'Outstanding' colleges to lose Ofsted exemption

Subjecting 'outstanding' providers to routine Ofsted inspection from September is 'the right thing to do', says AoC

'Outstanding' colleges are set to lose their exemption from routine Ofsted inspection

The exemption from routine Ofsted inspection enjoyed by "outstanding" colleges and providers is due to come to an end in September.

All colleges and providers graded "outstanding" by Ofsted will be reinspected in the next five years, under proposals unveiled by the government today.

Since 2012, FE providers and schools rated "outstanding" have been exempt from routine inspection. Under the plans outlined in a consultation launched today, they will be brought back into a regular inspection cycle, with Ofsted visiting every four to five years. This will affect around 3,700 schools and colleges rated "outstanding".


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Background: FE providers left for a decade without Ofsted inspection

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Routine Ofsted inspection returns

A 2018 Tes investigation uncovered 19 FE providers that had not had a full inspection by Ofsted in at least a decade.

Education secretary Gavin Williamson said: “Parents want to know that they are making the best, most informed choices about their children’s education. Making sure that all schools are regularly inspected means they will benefit from the expert insight Ofsted provides when making these decisions.

“We know parents trust Ofsted – and with good reason. It serves a valuable purpose as the only organisation that gives a clear, accessible and impartial view on school and college performance.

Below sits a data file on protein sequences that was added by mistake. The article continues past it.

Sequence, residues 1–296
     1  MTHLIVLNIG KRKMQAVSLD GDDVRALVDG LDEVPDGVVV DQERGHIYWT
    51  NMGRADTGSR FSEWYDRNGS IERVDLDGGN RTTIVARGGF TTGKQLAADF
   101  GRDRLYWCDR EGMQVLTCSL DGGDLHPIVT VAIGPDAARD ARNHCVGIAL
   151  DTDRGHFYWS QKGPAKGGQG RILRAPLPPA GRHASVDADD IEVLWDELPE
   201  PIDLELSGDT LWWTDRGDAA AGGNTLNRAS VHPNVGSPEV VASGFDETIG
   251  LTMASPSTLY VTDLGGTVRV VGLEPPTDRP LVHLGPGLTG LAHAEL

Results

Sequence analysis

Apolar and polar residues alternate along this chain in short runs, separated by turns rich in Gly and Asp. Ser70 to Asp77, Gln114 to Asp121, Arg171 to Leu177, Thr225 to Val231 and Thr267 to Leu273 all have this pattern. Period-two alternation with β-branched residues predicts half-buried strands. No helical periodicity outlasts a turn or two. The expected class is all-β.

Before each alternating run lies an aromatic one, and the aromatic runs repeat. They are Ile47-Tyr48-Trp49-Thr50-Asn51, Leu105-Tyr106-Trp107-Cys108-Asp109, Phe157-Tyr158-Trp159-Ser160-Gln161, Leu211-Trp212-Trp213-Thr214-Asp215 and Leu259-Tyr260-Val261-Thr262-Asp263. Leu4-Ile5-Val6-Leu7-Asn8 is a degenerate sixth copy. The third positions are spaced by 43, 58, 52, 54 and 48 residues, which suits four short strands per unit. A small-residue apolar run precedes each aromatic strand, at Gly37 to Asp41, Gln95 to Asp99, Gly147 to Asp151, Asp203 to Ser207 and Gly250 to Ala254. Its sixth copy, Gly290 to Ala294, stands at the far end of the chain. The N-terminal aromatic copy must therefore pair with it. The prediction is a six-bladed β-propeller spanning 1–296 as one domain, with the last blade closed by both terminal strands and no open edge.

“But it’s also far more than that – it’s a driver of improvement. Although we continue to trust our best schools and colleges to get on with the job of educating, without Ofsted standards would go unchecked and the exemption meant there was often not an up-to-date picture.”

Colleges welcome change

The plans, which require a change in the law so will be subject to parliamentary approval, were first announced last year. Ofsted is expected to prioritise providers that have gone the longest without inspection.

The move was welcomed by the Association of Colleges. Deputy chief executive Julian Gravatt said: “Removing the 'outstanding' exemption is the right thing to do.

“Bringing colleges that have not been inspected for over eight years into the regular inspection cycle will instil fairness and confidence in the system. It seems timely as more colleges begin to go through the new education inspection framework, and we look forward to responding to the consultation.”

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Stephen Exley

Stephen Exley

Stephen is TES' Further Education Editor. He has worked at TES since 2010, and was previously the education correspondent at the Cambridge News. He was the winner of the award for Outstanding National Education Journalism at the CIPR Education Journalism Awards in 2015 and 2013.

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